JamesM - I hear you about shading etc. I wasn't really referring to cost. Just that I wouldn't like to 100% rely on shading or colour - somehow seems like a bit of a cheat or less purist or something. Will certainly consider it, though.

Frode Frank - random chance? Not really. The current logo actually went through a design process and, were the company still focused on the same business activities, I'd still be quite satisfied with it. I'd maybe change the font and adjust some proportions, but fundamentally, it does and says what I want. The new logo - as I mentioned above - it was really just a starting point to see if it's worth continuing with the idea current logo, or whether I should go down a different route. Just sort of feeling my way at the moment. I would love to hire a designer I loved, even just to get another viewpoint, but we don't have the funds for that. (and to answer your question: no I don't pull in nitwits to handle our recordings, I do it all myself from recording to release.) However, despite design/type not being my official trade, I feel I am quite savvy to both and am happy to make a go of it myself - with a little help of people like you on forums such as this.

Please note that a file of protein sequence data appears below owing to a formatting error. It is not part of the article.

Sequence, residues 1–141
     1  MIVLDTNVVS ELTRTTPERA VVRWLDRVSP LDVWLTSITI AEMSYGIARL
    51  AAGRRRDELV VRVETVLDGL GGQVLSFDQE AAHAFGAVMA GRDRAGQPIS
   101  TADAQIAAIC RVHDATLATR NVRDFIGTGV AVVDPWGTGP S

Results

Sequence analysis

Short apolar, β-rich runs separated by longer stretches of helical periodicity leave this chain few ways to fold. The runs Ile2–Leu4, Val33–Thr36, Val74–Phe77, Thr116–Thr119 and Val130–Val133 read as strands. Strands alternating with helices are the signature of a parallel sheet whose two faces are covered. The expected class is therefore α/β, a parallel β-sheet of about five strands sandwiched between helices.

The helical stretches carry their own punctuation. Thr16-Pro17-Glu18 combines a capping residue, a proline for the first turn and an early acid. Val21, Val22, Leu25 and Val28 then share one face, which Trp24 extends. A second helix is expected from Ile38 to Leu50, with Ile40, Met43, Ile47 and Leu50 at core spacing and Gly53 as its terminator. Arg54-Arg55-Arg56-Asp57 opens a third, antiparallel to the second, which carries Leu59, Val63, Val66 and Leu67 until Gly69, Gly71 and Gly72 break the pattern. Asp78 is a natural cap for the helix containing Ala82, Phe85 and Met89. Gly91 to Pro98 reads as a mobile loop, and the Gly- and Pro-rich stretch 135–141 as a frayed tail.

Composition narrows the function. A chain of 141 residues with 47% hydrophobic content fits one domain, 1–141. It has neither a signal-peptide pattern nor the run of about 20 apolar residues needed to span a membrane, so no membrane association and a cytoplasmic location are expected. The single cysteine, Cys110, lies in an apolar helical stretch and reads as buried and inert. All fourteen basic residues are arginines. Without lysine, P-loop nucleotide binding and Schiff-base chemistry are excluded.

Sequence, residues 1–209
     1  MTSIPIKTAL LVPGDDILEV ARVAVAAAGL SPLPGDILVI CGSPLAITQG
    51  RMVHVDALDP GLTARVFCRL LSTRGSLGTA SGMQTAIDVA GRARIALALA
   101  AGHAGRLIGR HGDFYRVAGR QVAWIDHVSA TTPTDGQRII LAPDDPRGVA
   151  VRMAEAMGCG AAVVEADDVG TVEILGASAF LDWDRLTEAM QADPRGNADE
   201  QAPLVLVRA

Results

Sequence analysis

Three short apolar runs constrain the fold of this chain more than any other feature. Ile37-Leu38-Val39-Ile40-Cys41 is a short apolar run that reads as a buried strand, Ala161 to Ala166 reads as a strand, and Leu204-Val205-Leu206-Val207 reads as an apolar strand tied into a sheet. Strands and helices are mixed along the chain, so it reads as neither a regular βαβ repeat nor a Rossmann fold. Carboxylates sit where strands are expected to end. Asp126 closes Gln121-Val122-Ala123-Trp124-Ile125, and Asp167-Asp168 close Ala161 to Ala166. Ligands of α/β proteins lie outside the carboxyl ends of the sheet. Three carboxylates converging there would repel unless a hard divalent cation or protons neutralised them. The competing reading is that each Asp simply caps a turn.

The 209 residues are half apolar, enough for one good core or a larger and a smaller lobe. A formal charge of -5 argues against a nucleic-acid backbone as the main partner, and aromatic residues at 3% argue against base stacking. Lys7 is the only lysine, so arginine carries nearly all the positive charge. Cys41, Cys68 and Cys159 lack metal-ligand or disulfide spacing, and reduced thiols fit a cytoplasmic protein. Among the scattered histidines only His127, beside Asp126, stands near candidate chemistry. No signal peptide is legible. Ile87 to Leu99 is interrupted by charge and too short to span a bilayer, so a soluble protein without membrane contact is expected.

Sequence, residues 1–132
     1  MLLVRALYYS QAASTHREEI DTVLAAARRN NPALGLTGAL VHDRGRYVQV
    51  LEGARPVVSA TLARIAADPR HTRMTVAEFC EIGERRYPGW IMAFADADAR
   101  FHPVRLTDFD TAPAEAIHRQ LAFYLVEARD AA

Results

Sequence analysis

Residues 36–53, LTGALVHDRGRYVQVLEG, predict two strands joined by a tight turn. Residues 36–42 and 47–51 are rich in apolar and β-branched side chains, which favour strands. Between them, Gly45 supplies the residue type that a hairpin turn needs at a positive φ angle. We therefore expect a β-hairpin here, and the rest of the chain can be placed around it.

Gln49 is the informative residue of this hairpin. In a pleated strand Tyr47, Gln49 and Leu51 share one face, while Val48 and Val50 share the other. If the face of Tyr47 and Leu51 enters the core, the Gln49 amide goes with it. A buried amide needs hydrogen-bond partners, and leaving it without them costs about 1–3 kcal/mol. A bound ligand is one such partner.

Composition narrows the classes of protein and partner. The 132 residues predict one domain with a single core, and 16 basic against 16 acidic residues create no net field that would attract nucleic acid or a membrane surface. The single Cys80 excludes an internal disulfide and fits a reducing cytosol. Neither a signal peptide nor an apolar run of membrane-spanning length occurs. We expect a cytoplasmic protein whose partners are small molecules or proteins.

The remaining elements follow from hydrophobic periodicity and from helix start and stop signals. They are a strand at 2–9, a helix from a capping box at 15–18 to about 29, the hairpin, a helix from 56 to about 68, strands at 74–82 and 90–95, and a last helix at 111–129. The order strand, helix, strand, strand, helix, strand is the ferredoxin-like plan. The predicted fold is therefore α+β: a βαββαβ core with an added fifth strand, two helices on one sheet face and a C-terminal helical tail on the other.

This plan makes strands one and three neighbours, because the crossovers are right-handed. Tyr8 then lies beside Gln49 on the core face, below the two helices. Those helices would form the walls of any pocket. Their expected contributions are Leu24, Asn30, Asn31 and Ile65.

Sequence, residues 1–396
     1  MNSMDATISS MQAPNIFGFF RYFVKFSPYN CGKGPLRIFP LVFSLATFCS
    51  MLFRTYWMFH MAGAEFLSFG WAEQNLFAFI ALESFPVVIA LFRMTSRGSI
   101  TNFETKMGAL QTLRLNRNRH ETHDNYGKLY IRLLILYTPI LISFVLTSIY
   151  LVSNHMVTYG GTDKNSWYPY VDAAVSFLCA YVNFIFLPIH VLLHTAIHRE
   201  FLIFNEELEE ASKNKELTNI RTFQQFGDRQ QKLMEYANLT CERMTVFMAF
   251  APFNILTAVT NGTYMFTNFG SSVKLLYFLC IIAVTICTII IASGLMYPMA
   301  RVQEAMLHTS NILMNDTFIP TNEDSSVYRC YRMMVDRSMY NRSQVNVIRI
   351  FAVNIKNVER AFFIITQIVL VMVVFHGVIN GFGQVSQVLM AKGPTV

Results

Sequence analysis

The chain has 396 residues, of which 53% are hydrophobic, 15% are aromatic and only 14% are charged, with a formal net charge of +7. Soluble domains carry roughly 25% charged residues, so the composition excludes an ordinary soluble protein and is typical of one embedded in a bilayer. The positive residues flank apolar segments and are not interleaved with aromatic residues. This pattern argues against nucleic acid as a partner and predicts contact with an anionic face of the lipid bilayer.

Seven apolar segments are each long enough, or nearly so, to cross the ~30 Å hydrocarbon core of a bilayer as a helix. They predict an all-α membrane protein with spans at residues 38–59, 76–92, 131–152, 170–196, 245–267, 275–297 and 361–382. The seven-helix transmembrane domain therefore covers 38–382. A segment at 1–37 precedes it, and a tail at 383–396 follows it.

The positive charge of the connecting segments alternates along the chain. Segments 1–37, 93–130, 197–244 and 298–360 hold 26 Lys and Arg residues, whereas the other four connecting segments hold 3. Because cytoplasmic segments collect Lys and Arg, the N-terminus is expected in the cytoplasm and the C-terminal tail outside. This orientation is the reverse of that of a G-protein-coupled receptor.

Luma Vine - yes, I've been giving the concept some thought. The genres of music on the label will become more diverse in the coming years, so that makes it hard to pin down a look. We're not really a gimmicky label, and not tied to one specific genre. The name still works for us - suggesting a faithful, natural representation of the original sound. An image alone is tricky. So many of the things that suggest "recording" have already been used by other labels. I have been experimenting with spirals, a reference to records/vinyl/CDs, and there may be something in that. Interestingly, though - almost all the labels I really admire don't have an image at all - ECM, Nonesuch, Rune Grammofon, and the ones that do have logos, I think they're terrible designs. Perhaps it is because with simple text, it's easier to seem more generic? The logo is able to suit all the different types of music.